When I met the writer, film-maker and artist Miranda July in Zurich for an interview last week, I asked if I might take a picture of her with my smartphone. Sure, she said. But she just wanted it to be a true selfie – taken by herself.
The Zentrum für Kunst und Medientechnologie (ZKM) Karlsruhe has opened again after several months of restoration. Within the next 300 days the festival GLOBALE will take place in the former ordnance factory: Many different exhibitions and symposia around the two main topics Infosphere and Exo-Evolution are in the making.
The guided tour through the two clouds – symbolizing Infosphere and Exo-Evolution – which Peter Weibel, manager of the ZKM and media artist, gave to me in advance for Deutschlandradio Kultur can be found here.
It is a great pleasure for me to announce that my first scientific article on radio art in English has appeared. After passing the double-blind peer review process of the ECREA Radio Research Section it just has been published in the book „Radio: The Resilient Medium. Papers from the third conference of the ECREA Radio Research Section„, edited by Madalena Oliveira, Grazyna Stachyra and Guy Starkey.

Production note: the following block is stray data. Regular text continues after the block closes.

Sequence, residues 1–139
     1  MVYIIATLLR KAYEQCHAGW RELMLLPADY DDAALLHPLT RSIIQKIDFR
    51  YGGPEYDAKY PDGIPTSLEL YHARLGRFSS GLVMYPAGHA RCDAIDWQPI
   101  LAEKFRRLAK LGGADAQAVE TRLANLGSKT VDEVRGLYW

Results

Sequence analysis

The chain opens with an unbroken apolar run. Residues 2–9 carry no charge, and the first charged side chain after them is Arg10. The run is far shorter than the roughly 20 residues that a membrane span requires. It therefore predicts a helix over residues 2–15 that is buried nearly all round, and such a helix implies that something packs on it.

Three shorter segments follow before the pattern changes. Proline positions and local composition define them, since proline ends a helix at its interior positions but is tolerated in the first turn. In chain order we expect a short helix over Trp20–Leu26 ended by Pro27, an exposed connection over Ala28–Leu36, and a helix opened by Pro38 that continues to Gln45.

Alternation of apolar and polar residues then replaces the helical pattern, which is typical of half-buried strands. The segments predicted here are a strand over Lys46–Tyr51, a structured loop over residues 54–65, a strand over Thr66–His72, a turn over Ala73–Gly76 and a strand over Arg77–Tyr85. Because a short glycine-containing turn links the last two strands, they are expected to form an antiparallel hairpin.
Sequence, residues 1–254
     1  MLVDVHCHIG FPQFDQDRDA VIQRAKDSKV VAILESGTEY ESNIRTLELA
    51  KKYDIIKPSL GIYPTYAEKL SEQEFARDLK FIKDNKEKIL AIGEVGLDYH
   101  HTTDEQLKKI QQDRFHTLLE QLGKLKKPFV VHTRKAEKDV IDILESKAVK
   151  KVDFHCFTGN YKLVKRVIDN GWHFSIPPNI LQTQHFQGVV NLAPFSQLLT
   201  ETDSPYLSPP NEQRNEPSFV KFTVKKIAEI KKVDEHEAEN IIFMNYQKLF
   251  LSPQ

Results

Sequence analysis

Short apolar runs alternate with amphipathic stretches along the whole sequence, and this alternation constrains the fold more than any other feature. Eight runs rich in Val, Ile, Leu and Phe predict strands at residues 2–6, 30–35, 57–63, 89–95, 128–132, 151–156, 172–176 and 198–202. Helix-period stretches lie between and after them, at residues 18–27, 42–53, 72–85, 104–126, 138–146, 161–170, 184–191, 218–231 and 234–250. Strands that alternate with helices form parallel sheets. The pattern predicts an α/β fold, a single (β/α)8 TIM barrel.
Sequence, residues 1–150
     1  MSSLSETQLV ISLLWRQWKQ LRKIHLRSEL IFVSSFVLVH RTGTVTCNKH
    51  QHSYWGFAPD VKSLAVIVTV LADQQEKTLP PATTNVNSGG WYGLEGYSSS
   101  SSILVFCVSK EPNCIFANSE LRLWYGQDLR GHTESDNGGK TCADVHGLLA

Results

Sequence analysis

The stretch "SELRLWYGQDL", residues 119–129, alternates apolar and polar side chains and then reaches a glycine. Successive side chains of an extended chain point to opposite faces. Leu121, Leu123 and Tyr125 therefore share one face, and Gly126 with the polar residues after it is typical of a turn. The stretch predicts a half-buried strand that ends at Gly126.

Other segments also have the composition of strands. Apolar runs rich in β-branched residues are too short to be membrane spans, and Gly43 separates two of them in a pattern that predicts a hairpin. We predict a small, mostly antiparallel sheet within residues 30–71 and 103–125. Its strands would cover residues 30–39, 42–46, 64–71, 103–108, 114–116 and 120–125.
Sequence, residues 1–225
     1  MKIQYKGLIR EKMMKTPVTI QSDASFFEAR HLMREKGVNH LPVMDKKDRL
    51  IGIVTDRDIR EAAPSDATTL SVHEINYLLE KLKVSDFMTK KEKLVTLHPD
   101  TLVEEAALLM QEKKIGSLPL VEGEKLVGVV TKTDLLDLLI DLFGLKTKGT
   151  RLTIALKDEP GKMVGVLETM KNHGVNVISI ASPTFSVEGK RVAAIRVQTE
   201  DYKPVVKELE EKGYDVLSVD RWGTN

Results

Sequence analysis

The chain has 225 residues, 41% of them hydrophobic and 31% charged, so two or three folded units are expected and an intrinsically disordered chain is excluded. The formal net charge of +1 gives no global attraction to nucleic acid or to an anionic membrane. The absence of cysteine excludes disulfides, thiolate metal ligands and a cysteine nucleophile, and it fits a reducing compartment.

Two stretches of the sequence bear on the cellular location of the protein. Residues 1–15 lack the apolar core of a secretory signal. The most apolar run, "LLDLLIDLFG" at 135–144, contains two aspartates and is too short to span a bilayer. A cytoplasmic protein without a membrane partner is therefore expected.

After I had the great opportunity and pleasure to present my PhD-project at the Radio Research Confernce in September 2013 in London it is of course also a very special pleasure to see the article printed now in English in a book, together with the articles of over 20 other radio researchers from all over the world. My very special thanks goes to Guy Starkey, Grazyna Stachyra and Madalena Oliveira for the great job they did in editing this wonderful book. Although Mauro José Sá Rego Costa was allowed to translate the article into Portugese and publish it in advance in the online-journal of the State University of Rio de Janero the English version only can be accessed via the book due to the copyright of the publishers to protect their investment in preparing the book for print.
Nevertheless it´s certainly fine to tell the title of my article and to publish the abstract here:
Today the result of intensive research in the last weeks and months goes on air and online: My 28 minutes long radio feature „Von Aliens, UFOs und Erdlingen – Zur Kulturgeschichte der Außerirdischen“ will be broadcasted by the Swiss public radio station SRF 2 Kultur, afterwards being available as a podcast.